With all of your success in writing for film and TV, do you have any interest in recording yourself again?
When I was out of music for a while, my normalcy was being in L.A. I disappeared off the map and stayed away from everybody. Then in 1998, I ended up meeting Johnny Wright, who was managing Backstreet Boys at the time. My niece was a huge fan, and said, "You have to get me in." So, I made a few calls, flew into Toronto where they were performing, and got her in backstage. She said, "I can't help but think that you and Johnny should work together." Sure enough, he ended up taking me on. I went to Orlando and started to record. But I didn't like the recording process. I didn't want to sing about something that had nothing to do with me. It was lyrically what went on to become Britney Spears' hand-me-downs. I didn't want to do it. I still wanted to just write and give my songs to other people.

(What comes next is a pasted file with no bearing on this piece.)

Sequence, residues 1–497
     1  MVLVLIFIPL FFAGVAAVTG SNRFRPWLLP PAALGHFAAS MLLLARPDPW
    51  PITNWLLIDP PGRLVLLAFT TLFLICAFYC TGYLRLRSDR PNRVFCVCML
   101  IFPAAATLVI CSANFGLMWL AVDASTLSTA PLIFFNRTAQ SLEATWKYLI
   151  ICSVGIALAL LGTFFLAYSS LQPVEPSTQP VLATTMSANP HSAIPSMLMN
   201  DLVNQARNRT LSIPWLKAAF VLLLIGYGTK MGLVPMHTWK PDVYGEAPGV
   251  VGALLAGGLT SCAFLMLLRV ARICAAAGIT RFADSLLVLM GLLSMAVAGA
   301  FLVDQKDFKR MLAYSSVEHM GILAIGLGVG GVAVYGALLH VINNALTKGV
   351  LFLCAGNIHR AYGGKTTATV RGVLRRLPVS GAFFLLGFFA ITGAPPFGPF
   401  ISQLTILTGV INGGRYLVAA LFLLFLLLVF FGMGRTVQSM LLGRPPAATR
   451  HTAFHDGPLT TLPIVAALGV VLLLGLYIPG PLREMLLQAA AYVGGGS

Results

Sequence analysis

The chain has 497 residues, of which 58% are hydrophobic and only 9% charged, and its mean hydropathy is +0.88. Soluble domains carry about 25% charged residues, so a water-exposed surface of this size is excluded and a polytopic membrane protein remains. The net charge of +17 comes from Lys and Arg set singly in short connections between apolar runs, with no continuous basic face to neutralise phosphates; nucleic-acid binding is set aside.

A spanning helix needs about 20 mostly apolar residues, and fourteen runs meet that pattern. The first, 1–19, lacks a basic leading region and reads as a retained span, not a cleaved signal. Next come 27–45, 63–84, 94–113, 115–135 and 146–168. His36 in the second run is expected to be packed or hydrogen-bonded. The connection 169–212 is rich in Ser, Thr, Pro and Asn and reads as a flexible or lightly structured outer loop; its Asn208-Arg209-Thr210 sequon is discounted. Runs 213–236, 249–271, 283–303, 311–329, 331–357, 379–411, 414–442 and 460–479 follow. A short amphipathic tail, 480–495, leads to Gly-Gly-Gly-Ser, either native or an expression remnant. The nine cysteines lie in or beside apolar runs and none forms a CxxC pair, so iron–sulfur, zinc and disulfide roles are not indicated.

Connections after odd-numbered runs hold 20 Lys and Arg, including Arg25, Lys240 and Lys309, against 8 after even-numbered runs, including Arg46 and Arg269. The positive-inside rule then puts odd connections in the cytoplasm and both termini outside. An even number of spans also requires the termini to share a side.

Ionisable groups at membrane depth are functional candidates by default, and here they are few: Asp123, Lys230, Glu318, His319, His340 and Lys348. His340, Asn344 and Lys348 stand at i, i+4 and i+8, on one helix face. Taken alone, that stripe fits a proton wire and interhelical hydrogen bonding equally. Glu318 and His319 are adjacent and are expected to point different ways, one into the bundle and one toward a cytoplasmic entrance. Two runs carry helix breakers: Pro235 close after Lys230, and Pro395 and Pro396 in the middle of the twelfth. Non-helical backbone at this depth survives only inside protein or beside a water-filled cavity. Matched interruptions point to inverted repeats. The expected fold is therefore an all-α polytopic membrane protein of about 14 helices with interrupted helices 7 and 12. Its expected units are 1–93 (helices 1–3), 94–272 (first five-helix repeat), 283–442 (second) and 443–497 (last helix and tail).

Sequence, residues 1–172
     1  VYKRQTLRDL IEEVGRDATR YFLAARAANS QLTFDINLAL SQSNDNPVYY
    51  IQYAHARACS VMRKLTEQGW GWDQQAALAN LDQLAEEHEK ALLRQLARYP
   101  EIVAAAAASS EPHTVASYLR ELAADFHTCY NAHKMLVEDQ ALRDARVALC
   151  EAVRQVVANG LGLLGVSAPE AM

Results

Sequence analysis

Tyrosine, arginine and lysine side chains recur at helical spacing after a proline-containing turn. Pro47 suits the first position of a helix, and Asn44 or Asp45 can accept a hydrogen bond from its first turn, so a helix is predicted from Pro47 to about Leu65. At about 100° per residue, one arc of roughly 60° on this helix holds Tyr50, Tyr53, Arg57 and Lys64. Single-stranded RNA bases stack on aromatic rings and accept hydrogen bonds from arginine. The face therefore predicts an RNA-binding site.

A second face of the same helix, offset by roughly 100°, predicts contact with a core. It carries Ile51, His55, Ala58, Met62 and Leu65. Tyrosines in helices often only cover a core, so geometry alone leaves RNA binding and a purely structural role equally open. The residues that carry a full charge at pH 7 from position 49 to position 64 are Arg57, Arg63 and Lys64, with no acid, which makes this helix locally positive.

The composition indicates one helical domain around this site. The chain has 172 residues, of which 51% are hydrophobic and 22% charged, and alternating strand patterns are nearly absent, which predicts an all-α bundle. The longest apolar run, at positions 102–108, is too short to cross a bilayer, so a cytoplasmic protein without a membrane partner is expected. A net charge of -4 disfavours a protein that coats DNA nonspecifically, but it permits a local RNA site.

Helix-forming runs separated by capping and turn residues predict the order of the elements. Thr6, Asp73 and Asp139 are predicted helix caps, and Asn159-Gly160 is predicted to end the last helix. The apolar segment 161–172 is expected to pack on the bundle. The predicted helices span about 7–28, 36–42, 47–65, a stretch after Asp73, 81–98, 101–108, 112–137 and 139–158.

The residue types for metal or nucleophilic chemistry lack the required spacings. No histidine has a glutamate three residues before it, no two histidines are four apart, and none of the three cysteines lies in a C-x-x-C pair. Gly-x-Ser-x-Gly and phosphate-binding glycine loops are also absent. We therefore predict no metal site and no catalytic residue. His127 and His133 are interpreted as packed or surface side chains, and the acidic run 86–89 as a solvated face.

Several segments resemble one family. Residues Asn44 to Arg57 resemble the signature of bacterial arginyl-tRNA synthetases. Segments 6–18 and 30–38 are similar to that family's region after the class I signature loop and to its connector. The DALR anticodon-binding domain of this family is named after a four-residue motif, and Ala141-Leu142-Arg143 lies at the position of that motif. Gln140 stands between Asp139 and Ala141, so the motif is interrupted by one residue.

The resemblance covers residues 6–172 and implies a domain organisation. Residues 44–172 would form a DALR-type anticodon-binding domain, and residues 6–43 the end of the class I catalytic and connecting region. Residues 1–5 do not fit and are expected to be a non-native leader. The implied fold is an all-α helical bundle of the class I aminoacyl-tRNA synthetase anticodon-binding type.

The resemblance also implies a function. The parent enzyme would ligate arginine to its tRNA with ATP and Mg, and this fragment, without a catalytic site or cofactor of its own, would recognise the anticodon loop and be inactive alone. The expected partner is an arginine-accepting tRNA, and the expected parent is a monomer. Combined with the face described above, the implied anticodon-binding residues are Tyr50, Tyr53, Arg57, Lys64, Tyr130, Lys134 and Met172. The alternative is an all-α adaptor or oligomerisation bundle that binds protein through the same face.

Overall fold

A few years later, Roy Lott, who had been one of my biggest supporters at Arista, had just left Capitol Records. I had sent him some of my music, and he loved it. But he was moving over to Virgin, and couldn't take that music with him. So, I wrote more and sent it to him. I decided that I was going to start fresh and come back to the business. I put everything in storage. By the time I got to New York, he had just been let go. Suddenly, my whole world turned upside down. But that's how I met my husband—at the airport!
My big dream throughout all this has been to discover other talent. I've been in talks with a couple of companies that want to sponsor me to create my own talent search and develop other artists that truly have that ability and that "it" factor. Many young girls and guys want that; but they get bombarded with other opportunities. They scatter themselves and they don't stay focused and real. My curse as an artist may have been that I was so loyal to one manager and producer that I didn't allow anything else. But guess what? At the end of the day, I had loyalty. I believe in karma. I do the right thing and hope that it comes back the other way.